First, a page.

Let’s talk to somebody who’s a leader at a smaller company that wants to pursue this. I see two methods. One is to do the method your company’s done, which is to hire somebody to really say, “Hey, will you spearhead this? Will you lead this? Will you help us to get to this level?” And the other is to say, “Hey, no, it’s going to be everyone’s responsibility. We all have to be committed to this and we’ll do this as a team.” What do you feel like are the tradeoffs of both responses?

My first reaction would be that ownership is key. You need to have somebody that is dedicated to it. But while saying that at the same time, it’s a team effort. So, if I were to reframe it, I would actually say you need a project manager for B corp. It’s so extensive. There’s so many questions. And it takes a lot of information. And that information is contained within multiple people on your team. And that means that everyone is technically responsible, but someone needs to manage all of that information and ensure that not only is it being organized in the right manner, but that you’re able to improve upon all of those different metrics. So, small business, you might not have the capacity to hire someone full time. Although, our example might have changed that idea, it’s definitely possible. It may not seem that way. So, if it’s owned by everyone, I think that you would still have better outcomes than if you didn’t have anyone do it at all. But the best foot forward is to have someone who owns the entire thing and ensures that all of the information is captured.

While you were going through the B corp certification process, were there certain parts that you got more pushback from from the rest of the company?

Yeah, some things are worth more points than others. And so, it’s dependent upon how difficult it might be to implement. And so, the ones that are worth a ton of points are going to get a little more pushback than the things that would be super easy. So, for example, it might be easy to introduce a wellness program that you can bring in, like a yoga instructor every week or something to that effect, that will easily get you points and something that we can manage. But when it’s asking you to change your articles of amendment to reflect people, planet and profit, that’s when you have to consider how that’s going to impact the business in a greater way. So, the pushback would really come from the things that are going to impact the business in a more significant way, whether it’s policies or whether it’s changing the articles of amendment.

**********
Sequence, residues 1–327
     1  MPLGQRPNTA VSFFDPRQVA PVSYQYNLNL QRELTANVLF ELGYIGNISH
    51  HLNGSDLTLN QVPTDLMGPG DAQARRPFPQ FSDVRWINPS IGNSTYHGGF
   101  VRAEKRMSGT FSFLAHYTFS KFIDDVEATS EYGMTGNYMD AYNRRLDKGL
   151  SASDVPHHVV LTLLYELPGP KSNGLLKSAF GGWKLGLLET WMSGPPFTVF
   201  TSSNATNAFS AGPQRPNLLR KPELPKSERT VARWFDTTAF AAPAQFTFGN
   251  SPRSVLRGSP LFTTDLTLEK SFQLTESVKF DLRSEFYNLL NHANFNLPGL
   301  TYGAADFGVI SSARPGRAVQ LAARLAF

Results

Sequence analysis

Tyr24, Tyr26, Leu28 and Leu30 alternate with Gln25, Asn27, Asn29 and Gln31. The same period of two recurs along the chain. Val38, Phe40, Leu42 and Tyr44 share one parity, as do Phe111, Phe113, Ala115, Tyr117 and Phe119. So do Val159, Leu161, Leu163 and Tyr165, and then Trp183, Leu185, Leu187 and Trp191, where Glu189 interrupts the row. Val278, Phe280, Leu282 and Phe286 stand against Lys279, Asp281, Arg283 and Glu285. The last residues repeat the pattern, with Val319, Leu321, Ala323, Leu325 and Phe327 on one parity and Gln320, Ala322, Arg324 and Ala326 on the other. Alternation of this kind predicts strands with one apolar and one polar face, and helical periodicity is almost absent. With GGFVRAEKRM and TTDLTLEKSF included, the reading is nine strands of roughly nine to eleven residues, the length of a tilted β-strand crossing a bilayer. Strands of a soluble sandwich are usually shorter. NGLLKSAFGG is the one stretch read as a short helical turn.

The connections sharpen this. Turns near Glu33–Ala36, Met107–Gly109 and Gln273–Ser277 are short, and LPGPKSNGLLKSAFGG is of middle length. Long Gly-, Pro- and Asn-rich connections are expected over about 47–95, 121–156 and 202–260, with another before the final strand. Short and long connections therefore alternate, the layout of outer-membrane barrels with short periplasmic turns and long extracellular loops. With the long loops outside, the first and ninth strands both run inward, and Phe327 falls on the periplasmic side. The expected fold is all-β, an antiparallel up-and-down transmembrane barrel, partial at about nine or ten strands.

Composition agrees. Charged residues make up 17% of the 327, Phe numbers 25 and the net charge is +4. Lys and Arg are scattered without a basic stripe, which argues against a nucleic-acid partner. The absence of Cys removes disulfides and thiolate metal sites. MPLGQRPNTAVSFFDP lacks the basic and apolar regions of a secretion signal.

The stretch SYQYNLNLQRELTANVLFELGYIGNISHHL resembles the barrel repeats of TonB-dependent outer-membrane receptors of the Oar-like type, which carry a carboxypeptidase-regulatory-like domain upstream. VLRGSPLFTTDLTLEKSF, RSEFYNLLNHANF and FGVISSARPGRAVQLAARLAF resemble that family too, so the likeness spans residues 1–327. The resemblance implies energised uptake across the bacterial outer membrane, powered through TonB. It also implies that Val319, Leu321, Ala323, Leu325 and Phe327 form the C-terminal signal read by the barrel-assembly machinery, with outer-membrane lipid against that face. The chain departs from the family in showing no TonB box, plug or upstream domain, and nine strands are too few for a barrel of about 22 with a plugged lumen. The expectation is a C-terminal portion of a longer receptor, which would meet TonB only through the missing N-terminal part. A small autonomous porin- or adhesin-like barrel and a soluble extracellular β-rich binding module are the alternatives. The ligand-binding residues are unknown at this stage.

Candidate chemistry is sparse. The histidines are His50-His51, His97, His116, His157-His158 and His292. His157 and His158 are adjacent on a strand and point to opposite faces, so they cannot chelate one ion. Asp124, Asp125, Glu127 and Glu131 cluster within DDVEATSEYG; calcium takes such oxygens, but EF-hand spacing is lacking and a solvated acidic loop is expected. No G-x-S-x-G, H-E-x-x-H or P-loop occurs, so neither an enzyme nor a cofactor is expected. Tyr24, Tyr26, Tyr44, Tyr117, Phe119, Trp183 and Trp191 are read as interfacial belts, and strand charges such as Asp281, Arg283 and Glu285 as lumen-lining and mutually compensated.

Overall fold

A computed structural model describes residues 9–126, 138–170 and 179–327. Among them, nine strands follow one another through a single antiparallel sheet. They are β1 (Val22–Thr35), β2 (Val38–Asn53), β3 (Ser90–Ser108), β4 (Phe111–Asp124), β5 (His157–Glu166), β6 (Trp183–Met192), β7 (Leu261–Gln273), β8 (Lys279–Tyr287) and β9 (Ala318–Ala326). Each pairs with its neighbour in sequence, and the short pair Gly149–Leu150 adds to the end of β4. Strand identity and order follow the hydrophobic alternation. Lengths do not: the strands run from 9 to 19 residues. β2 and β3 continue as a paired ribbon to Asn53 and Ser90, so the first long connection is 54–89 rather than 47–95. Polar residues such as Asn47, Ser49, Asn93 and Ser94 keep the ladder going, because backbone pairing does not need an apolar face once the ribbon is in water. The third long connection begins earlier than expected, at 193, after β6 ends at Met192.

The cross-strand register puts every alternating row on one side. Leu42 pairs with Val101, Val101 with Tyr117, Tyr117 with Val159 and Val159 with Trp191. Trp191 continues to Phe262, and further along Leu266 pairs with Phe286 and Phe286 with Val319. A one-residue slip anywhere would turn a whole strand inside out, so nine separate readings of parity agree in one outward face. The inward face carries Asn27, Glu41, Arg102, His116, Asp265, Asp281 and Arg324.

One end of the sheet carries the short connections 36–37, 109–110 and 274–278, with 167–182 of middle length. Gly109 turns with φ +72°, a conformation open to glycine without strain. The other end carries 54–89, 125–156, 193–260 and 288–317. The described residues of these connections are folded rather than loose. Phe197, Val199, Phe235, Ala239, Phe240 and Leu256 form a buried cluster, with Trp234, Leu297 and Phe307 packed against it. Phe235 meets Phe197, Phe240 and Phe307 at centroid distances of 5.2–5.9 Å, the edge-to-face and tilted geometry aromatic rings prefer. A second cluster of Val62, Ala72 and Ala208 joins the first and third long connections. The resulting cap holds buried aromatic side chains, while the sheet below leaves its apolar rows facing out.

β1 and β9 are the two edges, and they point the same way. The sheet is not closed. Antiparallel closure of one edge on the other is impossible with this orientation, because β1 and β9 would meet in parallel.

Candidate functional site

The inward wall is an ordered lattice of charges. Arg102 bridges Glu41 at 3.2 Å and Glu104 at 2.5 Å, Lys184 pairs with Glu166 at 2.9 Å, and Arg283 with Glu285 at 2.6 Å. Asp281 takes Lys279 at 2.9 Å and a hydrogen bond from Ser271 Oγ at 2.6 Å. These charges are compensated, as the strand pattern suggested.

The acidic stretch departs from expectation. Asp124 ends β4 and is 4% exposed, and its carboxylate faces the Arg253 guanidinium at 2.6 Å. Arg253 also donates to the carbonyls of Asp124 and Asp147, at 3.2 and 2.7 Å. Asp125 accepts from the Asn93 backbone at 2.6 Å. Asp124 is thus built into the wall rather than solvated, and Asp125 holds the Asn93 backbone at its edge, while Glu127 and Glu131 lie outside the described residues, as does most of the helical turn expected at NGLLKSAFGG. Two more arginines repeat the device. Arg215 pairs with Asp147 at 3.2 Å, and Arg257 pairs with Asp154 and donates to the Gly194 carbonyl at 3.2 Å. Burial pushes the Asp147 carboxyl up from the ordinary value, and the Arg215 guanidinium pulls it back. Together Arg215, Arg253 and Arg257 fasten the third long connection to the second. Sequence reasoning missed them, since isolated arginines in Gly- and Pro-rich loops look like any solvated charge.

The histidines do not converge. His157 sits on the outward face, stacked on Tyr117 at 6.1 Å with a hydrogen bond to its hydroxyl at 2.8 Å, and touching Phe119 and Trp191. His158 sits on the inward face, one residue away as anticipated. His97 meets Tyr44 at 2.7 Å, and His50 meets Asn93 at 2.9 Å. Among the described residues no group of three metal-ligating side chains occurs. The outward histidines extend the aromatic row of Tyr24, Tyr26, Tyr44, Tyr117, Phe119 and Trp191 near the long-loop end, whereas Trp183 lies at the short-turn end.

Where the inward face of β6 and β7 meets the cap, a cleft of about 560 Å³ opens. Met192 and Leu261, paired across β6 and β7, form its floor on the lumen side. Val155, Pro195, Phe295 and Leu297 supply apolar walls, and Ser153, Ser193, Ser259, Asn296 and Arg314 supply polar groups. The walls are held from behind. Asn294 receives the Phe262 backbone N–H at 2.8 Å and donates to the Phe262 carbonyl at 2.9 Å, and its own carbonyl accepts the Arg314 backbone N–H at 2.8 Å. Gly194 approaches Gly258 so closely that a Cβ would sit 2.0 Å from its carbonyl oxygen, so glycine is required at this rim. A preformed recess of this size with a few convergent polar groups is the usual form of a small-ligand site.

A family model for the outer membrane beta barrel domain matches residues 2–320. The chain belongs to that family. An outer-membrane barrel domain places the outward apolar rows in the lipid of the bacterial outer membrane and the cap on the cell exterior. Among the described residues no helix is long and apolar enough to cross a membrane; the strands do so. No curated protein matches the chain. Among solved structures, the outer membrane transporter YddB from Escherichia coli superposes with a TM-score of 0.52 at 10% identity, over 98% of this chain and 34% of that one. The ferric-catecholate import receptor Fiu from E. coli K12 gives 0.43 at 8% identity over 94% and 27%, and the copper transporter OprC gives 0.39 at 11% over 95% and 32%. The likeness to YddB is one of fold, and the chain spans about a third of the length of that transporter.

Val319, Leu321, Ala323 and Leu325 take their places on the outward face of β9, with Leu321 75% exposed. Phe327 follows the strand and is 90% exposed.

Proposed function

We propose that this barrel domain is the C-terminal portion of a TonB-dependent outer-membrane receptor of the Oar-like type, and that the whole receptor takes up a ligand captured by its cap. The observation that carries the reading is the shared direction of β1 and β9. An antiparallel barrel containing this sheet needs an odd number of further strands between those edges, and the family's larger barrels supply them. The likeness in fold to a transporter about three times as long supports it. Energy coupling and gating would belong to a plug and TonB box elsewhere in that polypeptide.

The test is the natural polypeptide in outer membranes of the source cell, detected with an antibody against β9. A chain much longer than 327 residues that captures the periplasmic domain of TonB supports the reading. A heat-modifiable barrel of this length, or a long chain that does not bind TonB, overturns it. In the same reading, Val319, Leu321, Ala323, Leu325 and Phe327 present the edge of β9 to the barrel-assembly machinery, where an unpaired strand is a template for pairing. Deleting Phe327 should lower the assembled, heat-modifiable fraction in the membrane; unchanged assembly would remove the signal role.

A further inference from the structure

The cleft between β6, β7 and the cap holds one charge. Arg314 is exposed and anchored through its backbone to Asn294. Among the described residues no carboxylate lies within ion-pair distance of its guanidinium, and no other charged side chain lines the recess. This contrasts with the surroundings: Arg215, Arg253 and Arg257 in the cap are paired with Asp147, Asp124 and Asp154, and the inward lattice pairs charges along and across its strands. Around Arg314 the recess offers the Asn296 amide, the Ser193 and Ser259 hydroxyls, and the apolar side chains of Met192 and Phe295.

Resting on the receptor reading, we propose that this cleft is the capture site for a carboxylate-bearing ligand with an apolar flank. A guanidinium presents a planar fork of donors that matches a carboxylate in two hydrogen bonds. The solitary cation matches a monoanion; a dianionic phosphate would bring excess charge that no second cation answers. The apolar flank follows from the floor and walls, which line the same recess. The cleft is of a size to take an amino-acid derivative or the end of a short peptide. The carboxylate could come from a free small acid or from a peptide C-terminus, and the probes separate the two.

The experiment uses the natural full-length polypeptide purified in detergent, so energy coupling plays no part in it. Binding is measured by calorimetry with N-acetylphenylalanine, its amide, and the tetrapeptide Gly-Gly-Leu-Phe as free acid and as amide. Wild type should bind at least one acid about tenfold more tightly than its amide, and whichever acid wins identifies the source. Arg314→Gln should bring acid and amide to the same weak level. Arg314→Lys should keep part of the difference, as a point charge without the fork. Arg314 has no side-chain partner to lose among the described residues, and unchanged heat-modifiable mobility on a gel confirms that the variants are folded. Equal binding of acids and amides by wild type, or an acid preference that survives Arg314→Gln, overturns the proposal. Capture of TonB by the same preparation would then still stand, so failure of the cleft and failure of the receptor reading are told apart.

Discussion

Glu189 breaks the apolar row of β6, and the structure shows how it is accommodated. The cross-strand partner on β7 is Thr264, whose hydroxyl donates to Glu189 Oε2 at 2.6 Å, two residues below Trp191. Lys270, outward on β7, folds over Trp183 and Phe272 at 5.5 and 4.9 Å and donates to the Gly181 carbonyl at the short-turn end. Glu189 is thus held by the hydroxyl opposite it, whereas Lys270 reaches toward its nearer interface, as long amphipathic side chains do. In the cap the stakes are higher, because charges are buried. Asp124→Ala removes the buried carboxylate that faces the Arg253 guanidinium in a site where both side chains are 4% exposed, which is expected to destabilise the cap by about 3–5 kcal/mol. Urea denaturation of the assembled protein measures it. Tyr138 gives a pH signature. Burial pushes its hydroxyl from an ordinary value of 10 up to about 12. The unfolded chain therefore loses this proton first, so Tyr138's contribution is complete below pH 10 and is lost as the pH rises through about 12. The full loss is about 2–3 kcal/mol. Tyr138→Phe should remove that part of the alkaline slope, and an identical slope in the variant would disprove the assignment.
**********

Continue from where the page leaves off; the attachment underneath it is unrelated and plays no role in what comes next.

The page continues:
Tell us more about the points because I think this is the first time we’ve talked about it. How does the point system work within B corps?

So, it’s divided into five different impact areas. There’s governance, workers, community, environment, and finally customers. So, within those five areas, it will divide the points accordingly. Now, depending what your company type is, and the industry that you’re in, the questions will differ, and therefore the points will differ. So, as a technology company, our assessment will look vastly different from a food and beverage company. So, there might be a lot of points within the customers area for food and beverage because they have supply chain impacts. But for a technology company that’s based in the cloud, there aren’t going to be as many questions and therefore there won’t be as many points available.

And so, then you have to get to a certain threshold to receive the certification?

There’s 200 points available, and you need at least 80 in order to pass the assessment. So, some of the top scoring companies, for example, Patagonia, I think they’re at maybe 147, maybe 150. And I think that speaks to how difficult it is to get perfect.

Yeah. And you are in the middle of a process of recertification, right?

Yeah. So, when we first did our assessment, we just passed, we got 81 points. And so, for our second assessment, we’re aiming to get 100 plus.

Good. And so, can you give us some things you’re doing right now that are in your project pipeline?